We who work in adoptions in Haiti have the opposite frustration of many of our colleagues. In other countries, prospective adoptive families must often wait months or even years for the referral of a child. The waiting is hard on those anxious to become parents. But in Haiti it is very often the children who wait months or even years for somebody to love and trust. The worst part of my job is trying to answer a child's heartbroken questions: "Why haven't you found me a family yet? Will I ever have a family?"
I fear I may have to answer that one more frequently in the months to come.
Historically, the French people have adopted over half of the children placed in intercountry adoptions from Haiti. France has now suspended new Haitian adoptions for her citizens. Those in process may finish and bring their children home, but no new adoptions may be begun. A friend of Haitian children at the State Department shared the following link:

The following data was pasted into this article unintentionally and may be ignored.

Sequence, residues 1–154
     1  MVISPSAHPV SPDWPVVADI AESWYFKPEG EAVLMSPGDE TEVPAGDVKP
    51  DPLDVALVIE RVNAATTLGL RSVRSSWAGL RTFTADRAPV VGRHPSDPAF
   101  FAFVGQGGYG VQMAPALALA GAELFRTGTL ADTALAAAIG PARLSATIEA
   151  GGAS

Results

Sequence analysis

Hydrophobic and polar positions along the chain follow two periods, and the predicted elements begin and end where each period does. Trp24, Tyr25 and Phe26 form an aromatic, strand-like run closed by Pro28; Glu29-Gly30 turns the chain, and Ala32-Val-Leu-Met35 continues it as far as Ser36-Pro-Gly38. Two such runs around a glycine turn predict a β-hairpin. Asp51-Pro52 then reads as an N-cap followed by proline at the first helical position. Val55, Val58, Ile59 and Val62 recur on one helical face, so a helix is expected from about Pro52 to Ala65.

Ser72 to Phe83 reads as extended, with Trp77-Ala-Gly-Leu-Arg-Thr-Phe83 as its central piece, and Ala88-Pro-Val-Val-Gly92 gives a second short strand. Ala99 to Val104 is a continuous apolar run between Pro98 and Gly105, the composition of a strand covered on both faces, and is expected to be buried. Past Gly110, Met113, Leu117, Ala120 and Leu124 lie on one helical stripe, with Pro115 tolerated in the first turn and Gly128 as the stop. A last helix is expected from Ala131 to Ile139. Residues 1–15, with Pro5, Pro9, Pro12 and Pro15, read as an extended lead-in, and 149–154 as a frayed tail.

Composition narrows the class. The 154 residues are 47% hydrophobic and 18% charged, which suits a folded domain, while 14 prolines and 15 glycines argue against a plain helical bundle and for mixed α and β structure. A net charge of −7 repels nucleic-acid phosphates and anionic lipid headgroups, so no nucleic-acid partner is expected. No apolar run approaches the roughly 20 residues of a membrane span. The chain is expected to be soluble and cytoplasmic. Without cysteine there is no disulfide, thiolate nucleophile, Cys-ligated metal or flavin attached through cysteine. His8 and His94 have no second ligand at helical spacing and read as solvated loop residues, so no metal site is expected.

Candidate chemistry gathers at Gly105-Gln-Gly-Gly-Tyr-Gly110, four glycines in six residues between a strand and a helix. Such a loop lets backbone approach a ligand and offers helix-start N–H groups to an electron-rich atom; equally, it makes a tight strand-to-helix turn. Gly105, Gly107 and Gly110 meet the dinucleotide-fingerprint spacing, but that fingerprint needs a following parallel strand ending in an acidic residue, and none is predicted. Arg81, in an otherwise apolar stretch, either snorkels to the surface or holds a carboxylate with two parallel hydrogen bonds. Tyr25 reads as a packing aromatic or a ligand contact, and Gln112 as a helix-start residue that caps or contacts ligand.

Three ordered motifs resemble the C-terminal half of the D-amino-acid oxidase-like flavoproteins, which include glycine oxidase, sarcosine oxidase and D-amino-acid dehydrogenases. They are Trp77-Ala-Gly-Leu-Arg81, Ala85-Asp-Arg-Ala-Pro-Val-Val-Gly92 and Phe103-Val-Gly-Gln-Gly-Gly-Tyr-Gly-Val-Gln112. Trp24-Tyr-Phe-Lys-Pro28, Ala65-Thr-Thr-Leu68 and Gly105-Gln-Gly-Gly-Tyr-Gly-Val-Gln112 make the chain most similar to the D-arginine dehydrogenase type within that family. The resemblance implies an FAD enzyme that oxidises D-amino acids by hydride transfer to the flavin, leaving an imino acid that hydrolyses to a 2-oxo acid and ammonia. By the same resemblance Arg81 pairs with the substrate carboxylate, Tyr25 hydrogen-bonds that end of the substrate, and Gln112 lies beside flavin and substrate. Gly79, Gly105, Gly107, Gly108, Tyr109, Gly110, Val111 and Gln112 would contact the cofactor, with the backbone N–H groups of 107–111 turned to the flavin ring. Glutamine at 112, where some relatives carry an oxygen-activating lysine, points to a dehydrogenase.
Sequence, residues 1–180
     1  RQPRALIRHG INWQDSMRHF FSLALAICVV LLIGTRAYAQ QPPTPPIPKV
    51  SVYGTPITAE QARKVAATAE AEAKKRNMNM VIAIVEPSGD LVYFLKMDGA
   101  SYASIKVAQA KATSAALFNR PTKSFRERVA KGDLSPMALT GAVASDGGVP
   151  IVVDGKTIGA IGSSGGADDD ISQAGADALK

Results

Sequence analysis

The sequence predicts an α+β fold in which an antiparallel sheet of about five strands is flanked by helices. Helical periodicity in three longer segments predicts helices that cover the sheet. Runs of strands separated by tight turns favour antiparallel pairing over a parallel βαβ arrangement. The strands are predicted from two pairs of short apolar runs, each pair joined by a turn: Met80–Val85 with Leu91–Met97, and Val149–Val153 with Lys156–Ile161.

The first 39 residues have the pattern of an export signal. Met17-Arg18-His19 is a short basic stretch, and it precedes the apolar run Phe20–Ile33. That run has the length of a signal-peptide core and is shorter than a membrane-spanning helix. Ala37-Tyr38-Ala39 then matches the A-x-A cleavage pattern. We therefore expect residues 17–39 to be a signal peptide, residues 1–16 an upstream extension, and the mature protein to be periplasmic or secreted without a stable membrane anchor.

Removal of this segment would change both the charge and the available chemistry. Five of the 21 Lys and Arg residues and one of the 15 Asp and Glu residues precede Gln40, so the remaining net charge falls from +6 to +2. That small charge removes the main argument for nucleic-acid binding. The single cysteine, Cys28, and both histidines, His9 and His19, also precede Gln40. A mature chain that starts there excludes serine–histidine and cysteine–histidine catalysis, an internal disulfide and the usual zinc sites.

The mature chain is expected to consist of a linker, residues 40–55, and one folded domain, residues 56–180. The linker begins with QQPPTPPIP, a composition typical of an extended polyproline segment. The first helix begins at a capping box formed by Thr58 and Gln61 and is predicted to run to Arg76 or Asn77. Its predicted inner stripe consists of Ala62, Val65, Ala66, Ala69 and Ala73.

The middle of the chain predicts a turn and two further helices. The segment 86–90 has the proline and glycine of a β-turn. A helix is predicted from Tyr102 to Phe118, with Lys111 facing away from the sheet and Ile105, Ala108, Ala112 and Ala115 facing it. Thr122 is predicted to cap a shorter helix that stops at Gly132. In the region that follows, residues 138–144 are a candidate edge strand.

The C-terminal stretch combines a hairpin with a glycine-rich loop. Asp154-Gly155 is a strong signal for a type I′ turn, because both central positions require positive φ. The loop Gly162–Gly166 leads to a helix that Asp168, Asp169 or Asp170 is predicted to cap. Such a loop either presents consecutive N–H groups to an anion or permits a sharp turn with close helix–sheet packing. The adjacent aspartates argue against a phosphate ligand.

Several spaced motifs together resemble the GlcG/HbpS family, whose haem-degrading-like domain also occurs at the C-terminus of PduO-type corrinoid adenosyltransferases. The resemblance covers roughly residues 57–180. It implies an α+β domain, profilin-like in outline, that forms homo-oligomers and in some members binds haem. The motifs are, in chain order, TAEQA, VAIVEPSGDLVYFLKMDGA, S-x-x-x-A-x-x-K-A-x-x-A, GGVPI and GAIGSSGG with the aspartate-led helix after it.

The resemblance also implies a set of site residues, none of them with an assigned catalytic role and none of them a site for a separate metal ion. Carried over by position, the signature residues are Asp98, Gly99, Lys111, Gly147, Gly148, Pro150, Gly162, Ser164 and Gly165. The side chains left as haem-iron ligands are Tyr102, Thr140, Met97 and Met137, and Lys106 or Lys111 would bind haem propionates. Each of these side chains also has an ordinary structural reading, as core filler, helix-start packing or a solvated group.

Terrible news indeed. The need for adoptive families is greater than ever. Even more families are homeless. Relatives are lost. Mothers have died. Haitian culture is often not comfortable with the disabled - children missing limbs or even just a hand or a foot may be rejected by society.
Thankfully the US has no intentions of closing Haitian adoptions (see the Department of State's Office of Children's Issues website) at this time, nor does the Haitian government seem to have any wish to close them on their end. However, now that the French cannot serve Haitian children in need of permanent families, the need for adoptive families from other countries is more urgent than ever. We cannot abandon them to grow up warehoused in institutions. Even the best orphanage on earth... is still just an orphanage. Every child deserves a family. Love is perhaps the most fundamental human right.